In the ever-evolving world of machine learning in drug discovery, benchmarking datasets play a pivotal role in driving progress and innovation. They serve as a critical tool for evaluating and comparing different algorithms and models. However, as the field advances, researchers have recognized several key challenges associated with benchmarking datasets.
A blog post from Pat Walters sheds light on many of these challenges, emphasizing the need to address them to ensure the reliability and generalizability of machine learning models. Our observations, detailed in a manuscript where we expand on our machine learning predictions of CYP inhibition, echo his insights on the subject:
- “consistent chemical representations”. For example, we (and others) have identified multiple instances in which compounds have incorrect protonation or unrealistic tautomeric states, which must be fixed before training a model. Otherwise, these models will follow the well-known computer science adage: garbage-in, garbage-out.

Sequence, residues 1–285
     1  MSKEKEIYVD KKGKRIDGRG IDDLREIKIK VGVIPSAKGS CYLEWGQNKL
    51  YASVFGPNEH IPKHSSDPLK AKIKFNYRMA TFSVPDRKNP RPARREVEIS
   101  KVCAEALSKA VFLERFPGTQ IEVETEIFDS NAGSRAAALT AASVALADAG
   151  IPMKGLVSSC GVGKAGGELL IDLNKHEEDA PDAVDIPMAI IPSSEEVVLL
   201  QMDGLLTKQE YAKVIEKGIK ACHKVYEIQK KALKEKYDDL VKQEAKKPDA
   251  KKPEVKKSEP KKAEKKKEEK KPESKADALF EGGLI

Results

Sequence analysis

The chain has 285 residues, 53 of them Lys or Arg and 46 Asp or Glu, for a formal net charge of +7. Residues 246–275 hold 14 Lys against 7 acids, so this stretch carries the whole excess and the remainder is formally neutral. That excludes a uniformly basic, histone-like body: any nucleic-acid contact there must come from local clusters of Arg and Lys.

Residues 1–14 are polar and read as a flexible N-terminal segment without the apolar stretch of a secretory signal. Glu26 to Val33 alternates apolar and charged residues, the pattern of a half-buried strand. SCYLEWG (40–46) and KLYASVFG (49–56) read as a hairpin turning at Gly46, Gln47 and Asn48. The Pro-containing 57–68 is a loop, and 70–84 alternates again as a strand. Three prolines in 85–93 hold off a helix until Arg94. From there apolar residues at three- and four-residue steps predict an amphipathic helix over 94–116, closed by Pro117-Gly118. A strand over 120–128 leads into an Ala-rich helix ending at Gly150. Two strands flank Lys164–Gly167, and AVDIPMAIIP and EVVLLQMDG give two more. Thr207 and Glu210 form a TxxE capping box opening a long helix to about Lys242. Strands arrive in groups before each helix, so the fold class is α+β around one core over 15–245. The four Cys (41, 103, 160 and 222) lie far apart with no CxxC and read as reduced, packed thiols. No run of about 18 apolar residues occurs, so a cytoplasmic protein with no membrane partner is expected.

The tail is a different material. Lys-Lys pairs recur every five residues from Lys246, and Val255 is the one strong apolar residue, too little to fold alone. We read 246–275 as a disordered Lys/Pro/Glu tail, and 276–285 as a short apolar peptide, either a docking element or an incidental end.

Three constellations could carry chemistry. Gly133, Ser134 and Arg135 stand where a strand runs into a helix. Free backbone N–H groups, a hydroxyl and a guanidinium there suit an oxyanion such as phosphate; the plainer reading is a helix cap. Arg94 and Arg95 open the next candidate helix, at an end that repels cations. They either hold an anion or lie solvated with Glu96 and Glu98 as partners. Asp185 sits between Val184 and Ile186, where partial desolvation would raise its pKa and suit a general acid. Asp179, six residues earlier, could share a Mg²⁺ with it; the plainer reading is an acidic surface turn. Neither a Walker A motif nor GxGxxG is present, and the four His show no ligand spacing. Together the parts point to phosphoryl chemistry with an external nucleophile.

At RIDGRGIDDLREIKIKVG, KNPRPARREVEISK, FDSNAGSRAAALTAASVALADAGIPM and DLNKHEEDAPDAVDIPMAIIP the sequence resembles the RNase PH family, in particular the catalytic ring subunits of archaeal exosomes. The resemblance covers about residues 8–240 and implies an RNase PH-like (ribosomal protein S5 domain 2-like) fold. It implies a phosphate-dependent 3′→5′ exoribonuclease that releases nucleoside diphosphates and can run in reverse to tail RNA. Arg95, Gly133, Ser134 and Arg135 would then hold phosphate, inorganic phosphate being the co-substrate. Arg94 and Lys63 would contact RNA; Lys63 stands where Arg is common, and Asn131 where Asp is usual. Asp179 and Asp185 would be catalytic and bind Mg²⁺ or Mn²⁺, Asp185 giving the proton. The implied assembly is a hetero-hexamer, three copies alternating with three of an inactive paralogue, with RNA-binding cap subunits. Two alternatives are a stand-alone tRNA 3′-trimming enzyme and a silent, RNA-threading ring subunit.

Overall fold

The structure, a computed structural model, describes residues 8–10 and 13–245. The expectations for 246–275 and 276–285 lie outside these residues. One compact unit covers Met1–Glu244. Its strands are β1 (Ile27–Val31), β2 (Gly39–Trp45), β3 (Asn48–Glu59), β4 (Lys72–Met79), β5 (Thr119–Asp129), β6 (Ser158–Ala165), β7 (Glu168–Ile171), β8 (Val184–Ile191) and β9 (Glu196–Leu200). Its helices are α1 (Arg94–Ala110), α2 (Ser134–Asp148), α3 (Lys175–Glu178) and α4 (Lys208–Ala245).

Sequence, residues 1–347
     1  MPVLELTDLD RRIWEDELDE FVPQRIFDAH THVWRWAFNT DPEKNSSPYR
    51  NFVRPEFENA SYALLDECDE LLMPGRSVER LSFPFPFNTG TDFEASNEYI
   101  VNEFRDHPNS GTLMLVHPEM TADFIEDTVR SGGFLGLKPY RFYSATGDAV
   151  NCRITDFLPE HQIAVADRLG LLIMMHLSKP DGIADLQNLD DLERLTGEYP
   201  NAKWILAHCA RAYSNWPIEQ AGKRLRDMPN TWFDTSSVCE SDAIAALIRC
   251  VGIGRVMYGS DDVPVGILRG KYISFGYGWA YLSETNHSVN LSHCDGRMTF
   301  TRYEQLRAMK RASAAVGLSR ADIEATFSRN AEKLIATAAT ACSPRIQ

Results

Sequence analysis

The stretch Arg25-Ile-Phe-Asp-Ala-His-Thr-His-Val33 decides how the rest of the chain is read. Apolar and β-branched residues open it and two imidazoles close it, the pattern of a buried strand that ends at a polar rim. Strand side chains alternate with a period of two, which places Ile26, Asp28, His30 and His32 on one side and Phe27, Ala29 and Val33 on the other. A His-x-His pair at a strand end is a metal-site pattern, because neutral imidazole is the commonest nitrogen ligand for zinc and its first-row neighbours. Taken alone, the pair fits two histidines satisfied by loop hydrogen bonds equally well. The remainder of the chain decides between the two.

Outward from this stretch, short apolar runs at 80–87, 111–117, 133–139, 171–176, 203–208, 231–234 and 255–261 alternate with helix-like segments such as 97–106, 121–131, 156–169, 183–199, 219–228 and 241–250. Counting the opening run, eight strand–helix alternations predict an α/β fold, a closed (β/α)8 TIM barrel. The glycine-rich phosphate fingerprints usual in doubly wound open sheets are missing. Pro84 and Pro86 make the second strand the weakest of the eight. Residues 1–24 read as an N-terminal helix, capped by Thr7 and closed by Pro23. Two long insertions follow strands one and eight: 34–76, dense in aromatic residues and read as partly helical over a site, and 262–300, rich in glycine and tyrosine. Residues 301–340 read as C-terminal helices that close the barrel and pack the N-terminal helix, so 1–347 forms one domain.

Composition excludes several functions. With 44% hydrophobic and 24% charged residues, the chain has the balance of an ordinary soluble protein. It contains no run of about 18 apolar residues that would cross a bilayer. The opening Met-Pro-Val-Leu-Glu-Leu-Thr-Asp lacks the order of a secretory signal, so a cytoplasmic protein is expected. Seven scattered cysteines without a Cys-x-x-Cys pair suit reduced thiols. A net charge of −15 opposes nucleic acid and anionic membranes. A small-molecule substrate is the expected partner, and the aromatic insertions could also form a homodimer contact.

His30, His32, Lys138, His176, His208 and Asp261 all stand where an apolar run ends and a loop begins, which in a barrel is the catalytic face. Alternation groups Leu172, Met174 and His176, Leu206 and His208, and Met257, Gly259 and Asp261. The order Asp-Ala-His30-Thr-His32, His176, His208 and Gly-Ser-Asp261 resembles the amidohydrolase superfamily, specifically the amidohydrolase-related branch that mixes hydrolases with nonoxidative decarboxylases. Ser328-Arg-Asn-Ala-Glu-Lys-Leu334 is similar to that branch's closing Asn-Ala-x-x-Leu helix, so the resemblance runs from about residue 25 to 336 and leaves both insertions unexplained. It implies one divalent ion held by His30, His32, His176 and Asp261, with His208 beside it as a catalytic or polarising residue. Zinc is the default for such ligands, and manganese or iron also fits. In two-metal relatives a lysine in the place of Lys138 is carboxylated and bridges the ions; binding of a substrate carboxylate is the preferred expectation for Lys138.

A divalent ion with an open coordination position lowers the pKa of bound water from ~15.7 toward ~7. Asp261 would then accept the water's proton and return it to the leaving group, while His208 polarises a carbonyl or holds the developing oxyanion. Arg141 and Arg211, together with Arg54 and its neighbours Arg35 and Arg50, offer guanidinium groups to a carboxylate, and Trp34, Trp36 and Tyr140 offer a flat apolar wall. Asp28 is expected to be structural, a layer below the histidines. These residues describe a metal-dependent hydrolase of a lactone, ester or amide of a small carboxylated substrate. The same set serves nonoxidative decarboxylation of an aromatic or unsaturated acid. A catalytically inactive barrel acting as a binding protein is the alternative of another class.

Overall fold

- “data curation errors”, involving the appearance of invalid or duplicate structures in benchmarking datasets. In our work, the available dataset, curated by multiple groups, still contained inconsistencies and invalid or duplicate structures. We went to great lengths to curate these curated sets and remove these structures from our research.
- “stereochemistry”, which we consider to be one of the hardest issues to solve when developing benchmarking sets. As Pat explains in his post, datasets will often contain compounds with undefined chiral centers. This can be the result of curation errors, or of genuine uncertainty as to the proper definition of stereochemistry. Of course, biologically active compounds have very well-defined chiral centers (see for example R/S-warfarin, R/S-thalidomide, and others), and thus it is important to not randomly assign stereochemistry.
You can also check out some of our other work where these issues continually need special attention.